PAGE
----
Ever increasing product complexity must be presented to consumers and agents with great, easy-to-use technology interfaces. We’re fanatics about the presentation layer of our products. We receive consistent recognition in agent surveys as their leading company and equally consistent recognition as the leading insurance website by Keynote. However, the range of presentation formats has expanded greatly with tablets and smart phones and that has our full attention. More than 15% of search activity for Progressive, or other auto insurance terms, is now mobile-device based and quoting and sales attributed to mobile devices have grown at rates that make days and weeks approximate early Internet months.
As noted last year, the potential for devices that are on your person often with a camera and location software, is a new and really exciting dimension for all aspects of our business and I suggested to expect more in 2011. I had the pleasure of being directly involved with the team leading our mobile strategy and their progress in 2011 has been nothing short of impressive. We talk in terms of “mobilize” not “miniaturize,” which simply means using the capabilities versus adapting the old product and presentation to new devices and formats.
Selecting just one initiative to build on the concept of product design and presentation is our prototype application that allows a consumer to use the camera in their device to send a photo of a driver’s license and similarly their current insurance card with vehicle identification number, and in return get an insurance quote returned instantaneously. A quote that then may well be further personalized by Name Your Price and Snapshot. Expect more — I think that’s more … and better.
Old industries do reinvent themselves and this feels like it’s going to be quite a ride.
Brand and Distribution MomentumAn open question existed over the last decade or so — Could we market and retail our product with the same success we enjoyed, more as a wholesaler, with our agents representing our consumer face? Perhaps an even more interesting question, and for me the correct one, “Could we do so while enhancing both our Agent and Direct distribution options?” — our very clear and consistently stated objective.
Our single brand multi-distribution company is a unique and valuable positioning in our space. The road was not always straight, but the result is extremely rewarding and powerful.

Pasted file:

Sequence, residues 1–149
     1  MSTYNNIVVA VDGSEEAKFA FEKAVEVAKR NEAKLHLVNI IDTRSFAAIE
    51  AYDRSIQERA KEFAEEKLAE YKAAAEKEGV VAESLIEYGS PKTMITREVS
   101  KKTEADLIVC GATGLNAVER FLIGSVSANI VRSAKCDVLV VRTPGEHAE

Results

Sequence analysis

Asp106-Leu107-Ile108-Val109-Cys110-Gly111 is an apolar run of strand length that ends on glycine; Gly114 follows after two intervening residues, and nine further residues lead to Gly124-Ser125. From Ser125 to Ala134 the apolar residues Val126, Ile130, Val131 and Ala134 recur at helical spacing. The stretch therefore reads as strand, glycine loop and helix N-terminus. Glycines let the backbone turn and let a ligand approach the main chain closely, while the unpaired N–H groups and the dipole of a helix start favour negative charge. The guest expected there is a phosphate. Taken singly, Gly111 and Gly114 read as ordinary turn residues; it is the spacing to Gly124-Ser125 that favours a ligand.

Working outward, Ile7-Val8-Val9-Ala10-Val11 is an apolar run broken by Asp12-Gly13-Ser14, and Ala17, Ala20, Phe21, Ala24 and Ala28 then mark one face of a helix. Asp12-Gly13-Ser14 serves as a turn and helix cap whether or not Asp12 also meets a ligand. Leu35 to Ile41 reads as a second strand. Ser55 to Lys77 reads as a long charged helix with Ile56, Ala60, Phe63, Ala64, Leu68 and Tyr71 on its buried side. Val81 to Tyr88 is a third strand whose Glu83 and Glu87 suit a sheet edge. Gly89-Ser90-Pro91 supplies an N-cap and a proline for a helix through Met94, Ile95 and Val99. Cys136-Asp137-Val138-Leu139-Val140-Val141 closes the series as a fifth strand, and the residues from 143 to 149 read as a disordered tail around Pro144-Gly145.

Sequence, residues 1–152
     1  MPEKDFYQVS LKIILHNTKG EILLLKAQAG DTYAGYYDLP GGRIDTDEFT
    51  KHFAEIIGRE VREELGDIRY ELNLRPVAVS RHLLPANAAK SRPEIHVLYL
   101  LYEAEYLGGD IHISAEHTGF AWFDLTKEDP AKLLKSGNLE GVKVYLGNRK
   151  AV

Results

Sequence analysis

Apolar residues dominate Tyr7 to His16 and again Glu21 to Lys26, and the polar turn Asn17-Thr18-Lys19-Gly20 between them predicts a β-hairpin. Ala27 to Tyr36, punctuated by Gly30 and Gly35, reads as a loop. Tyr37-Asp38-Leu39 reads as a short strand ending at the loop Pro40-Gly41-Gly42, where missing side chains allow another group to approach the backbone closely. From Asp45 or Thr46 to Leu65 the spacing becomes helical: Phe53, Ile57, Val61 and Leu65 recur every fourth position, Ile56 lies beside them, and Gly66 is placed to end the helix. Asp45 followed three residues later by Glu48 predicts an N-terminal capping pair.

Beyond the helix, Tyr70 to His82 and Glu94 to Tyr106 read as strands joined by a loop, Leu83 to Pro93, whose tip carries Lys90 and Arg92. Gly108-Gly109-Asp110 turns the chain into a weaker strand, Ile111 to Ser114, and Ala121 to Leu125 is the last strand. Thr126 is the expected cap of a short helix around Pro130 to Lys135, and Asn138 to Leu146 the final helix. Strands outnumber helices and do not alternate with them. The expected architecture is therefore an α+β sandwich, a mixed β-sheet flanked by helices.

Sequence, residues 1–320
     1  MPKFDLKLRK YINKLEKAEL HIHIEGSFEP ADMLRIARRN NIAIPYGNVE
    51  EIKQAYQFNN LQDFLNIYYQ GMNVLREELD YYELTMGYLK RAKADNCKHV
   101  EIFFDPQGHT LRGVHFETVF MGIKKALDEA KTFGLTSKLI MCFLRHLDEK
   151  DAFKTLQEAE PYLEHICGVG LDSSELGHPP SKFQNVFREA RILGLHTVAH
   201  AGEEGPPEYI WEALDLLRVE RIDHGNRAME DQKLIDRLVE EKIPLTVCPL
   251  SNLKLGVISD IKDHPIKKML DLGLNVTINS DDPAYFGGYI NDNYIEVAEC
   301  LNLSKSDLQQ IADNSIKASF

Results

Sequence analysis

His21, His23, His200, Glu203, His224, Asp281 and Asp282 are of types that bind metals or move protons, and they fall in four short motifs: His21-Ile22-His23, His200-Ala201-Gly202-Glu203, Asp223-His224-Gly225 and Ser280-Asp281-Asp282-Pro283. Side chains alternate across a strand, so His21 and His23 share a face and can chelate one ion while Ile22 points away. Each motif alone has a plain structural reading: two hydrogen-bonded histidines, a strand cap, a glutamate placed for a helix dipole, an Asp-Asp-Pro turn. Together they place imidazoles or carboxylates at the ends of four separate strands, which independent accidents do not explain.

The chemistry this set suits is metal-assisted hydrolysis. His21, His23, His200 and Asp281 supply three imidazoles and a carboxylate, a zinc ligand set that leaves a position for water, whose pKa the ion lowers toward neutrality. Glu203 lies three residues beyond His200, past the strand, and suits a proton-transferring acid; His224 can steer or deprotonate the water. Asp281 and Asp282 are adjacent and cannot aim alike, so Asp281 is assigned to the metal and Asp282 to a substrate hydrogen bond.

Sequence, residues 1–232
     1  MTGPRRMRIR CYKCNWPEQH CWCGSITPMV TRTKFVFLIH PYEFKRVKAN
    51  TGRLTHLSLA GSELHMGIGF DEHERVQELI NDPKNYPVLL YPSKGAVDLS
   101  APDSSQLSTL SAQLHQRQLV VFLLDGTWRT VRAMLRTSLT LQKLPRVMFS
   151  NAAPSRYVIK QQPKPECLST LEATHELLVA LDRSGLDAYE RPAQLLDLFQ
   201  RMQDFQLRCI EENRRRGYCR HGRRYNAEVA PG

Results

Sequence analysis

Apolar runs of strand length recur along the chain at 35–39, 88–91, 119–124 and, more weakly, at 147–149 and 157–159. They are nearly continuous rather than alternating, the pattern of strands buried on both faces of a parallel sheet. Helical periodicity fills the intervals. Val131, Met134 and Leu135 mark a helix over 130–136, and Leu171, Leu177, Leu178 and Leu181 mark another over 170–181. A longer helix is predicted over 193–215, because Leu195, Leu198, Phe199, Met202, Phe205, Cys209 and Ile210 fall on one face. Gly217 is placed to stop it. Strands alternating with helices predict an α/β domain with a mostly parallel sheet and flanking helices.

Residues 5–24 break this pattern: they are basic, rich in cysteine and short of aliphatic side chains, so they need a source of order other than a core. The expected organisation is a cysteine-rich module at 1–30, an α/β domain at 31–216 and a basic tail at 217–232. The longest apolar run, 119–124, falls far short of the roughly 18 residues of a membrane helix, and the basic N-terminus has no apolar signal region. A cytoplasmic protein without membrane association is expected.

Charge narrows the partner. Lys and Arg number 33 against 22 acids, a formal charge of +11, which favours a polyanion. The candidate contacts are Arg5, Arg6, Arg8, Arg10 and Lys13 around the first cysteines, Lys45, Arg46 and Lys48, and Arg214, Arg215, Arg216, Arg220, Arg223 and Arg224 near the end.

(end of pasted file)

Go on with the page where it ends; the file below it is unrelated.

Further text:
Today, I believe we have an answer. Progressive is a business generating brand. One that is more important than any means of distribution or product feature but in fact a clear consumer mindset about who we are as a company and what they should expect as a customer. Our Personal Lines business today is a very balanced book, between distribution options, with agent-produced auto business slightly larger at 55% of policies. Our single brand multi-distribution company is a unique and valuable positioning in our space. The road was not always straight, but the result is extremely rewarding and powerful.
Research on consumer’s reactions to brands, preferences, and advertising is extensive and often constructive, but rarely definitive. We are, however, encouraged that consumer awareness of our brand is both positive and closely associated with key characteristics such as ease of doing business, distinctive product features, and exceptional service, all consistent with our intentions.
Ensuring congruity between internal and external brands with actions matching expectations has been central to our global brand development. The brand ambassador status bestowed on “Flo,” our most visible employee image, is no accident and serves as a clear behavioral model for all — the substance perhaps not the humor. The importance of getting this right was highlighted in 2011 as “Flo” was voted America’s #1 advertising icon (as named by Entertainment Weekly). I’m sure her over 3.3 million Facebook fans had something to do with that, but the point is the same.
For 2011 we had clear objectives to advance our marketing and advertising efforts.
We wanted the character of “Flo” to endure and, to do so, sought to make the character richer and extend her range of interactions and messages. The results are always subject to opinion, but for me the creative developed in 2011, for use in 2011 and 2012, was some of the best in this now long running campaign. Results trump opinion, but I think consumers might agree.
We had some clear ideas about a new campaign, its target audience, and message, and tested our “Messenger” campaign late in 2010. However, we found by observing the “Messenger’s” natural interaction style with all ranges of people that we had an opportunity to improve on the concept. By mid-year, we were reworking the campaign structure. The “Messenger” is now carrying his message of Progressive’s savings and convenience, by interacting with prospective customers in real and unscripted settings. Choosing settings like a gas station or baggage claim at the airport, the “Messenger” can empathize with the pain points of gas prices or baggage fees and, while not able to solve them, is willing to share his savings on auto insurance to help with the burden. These true slice-of-life scenarios, where the “Messenger” can perform what we call random acts of savings, provide reactions and responses that simply could not be scripted. We’re encouraged by early results and the developing acceptance of the character from “Not quite sure,” to a guy who understands life and helps when he can by “saving it forward.”